No, China isn’t going back to Maoism
Xi isn’t the nostalgic Communist Western reporters claim he is.
North Korea’s bellicose pronouncements have been noticeably absent from the headlines in recent weeks. This may be something to do with fact that China’s quinquennial party conference is taking place. It is widely believed that a tacit edict has gone out to Kim Jong-un to say that there should be no distractions from the smooth running of China’s party machine – or else. China is, after all, pushing itself forward on to the world stage and it doesn’t want any distractions. Unlike the British Tory Party conference, China’s single-party leadership conference has no coughs, no hiccups.
This is the Chinese Communist Party’s 19th party congress, marking the mid-point of President Xi’s term in office, a forum that sets national policy goals and elects its top leadership. Over the course of a three-and-a-half-hour speech at the Great Hall of the People at Tiananmen Square in Beijing on 18 October, President Xi laid out plans for the country and for his personal legacy. The speech – snappily titled ‘Secure a decisive victory in building a moderately prosperous society in all respects and strive for the great success of socialism with Chinese characteristics for a new era’ – sought further to consolidate the central role of China in world affairs, and the central role of the party in attaining that goal.
The twin track of the Chinese government has long been to celebrate two great centenaries; benchmarks first put forward by ex-president Jiang Zemin at the 15th Party Congress in 1997 and repeated ad nauseum as part of Xi’s China Dream narrative. Effectively, by 2021, the 100th anniversary of the founding of the Communist Party of China, and one year before Xi is scheduled to stand aside, China intends to be ‘a moderately well-off’ society (assumed to mean a doubling of China’s per capita income relative to 2010). By the 100th anniversary of the founding of the People’s Republic of China (1949–2049), Xi promises that China will be a ‘strong, democratic, civilised, harmonious, and modern socialist country’.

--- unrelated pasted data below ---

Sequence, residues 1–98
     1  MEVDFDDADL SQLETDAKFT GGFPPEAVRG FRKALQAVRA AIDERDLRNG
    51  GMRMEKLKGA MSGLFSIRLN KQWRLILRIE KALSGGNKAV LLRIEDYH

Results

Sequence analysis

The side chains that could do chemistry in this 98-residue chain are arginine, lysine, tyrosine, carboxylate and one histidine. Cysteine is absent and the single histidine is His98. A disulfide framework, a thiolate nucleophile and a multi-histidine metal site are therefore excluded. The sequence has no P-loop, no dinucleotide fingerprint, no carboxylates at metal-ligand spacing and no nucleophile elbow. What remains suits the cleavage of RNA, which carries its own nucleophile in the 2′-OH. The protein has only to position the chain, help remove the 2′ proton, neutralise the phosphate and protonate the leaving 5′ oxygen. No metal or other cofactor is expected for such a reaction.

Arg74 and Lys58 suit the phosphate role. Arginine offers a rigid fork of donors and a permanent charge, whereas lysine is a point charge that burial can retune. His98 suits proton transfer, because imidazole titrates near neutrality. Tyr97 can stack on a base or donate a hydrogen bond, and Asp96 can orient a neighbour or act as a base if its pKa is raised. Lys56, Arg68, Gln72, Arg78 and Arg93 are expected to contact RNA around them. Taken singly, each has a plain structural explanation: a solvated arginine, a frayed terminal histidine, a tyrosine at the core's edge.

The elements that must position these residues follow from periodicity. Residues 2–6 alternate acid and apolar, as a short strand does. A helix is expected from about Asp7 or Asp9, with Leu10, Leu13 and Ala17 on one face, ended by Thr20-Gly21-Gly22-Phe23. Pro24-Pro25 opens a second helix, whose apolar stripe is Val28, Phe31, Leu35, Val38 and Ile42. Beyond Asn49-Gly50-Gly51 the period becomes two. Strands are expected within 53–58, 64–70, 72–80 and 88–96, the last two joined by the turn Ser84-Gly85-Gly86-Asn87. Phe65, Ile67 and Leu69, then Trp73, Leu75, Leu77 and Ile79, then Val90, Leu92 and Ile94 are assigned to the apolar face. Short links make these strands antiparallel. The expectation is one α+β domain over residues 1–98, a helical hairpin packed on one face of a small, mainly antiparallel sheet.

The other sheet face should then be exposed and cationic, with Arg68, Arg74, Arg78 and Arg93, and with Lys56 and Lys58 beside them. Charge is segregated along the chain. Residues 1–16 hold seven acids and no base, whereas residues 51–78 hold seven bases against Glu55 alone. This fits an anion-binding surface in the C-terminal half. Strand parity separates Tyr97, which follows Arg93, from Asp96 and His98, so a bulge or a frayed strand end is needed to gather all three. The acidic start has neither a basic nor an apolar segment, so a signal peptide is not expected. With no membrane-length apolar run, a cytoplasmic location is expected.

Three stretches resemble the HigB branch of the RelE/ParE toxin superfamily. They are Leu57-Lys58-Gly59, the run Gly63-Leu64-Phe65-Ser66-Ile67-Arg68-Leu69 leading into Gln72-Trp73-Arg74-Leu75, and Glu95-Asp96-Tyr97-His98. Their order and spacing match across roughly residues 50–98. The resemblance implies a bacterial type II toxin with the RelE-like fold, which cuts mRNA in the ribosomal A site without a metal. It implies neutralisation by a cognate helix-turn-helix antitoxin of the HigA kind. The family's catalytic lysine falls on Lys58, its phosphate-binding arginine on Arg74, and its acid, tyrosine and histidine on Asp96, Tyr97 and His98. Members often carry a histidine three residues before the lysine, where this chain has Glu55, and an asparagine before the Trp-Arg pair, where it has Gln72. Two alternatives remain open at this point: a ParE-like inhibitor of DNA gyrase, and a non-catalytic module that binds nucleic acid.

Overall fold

There were many fascinating aspects of the conference speech this year (see below), but more than usual the Western media preferred to focus on the dangers of the emerging might of the Chinese nation. Press rumblings claim that President Xi is in the process of renewing the cult of Mao. While Western commentators find it hard to relate to Xi’s statement that China ‘will never pause in pursuit of progress’, they prefer to indulge in a comfortable – but misplaced – left-right framework. It seems that nothing pleases the Western media more than Manichean simplicity.
The Guardian identified ‘Xi Jinping’s Leninist quest for a dynasty’. The Huffington Post suggested he is a ‘Mao-like strongman’. The Washington Post noted that he is ‘reviving Stalin’s communist ideology’. The South China Morning Post claims that party sycophants are using honorifics that are reminiscent of the ‘four greats’: the four most fawning labels used when speaking of Chairman Mao in the 1960s – that is, ‘great lingxiu, great commander-in-chief, great helmsman and great teacher’.
Of course, Xi has consolidated power during his tenure and that is not a good thing, especially for the Chinese people. It is true that the Standing Committee’s ‘core’ member will be President Xi Jinping, and his new appointees don’t appear to be shoe-ins when he stands down. Also true is that Xi is currently commander-in-chief of the People’s Liberation Army, general secretary of the Communist Party of China, president of the People’s Republic of China, and chairman of the Central National Security Commission, as well as having about 10 other high-falutin’ titles. There are rumours that Xi will try to extend his terms of office beyond the span of two Five-Year Plans, ending in 2022.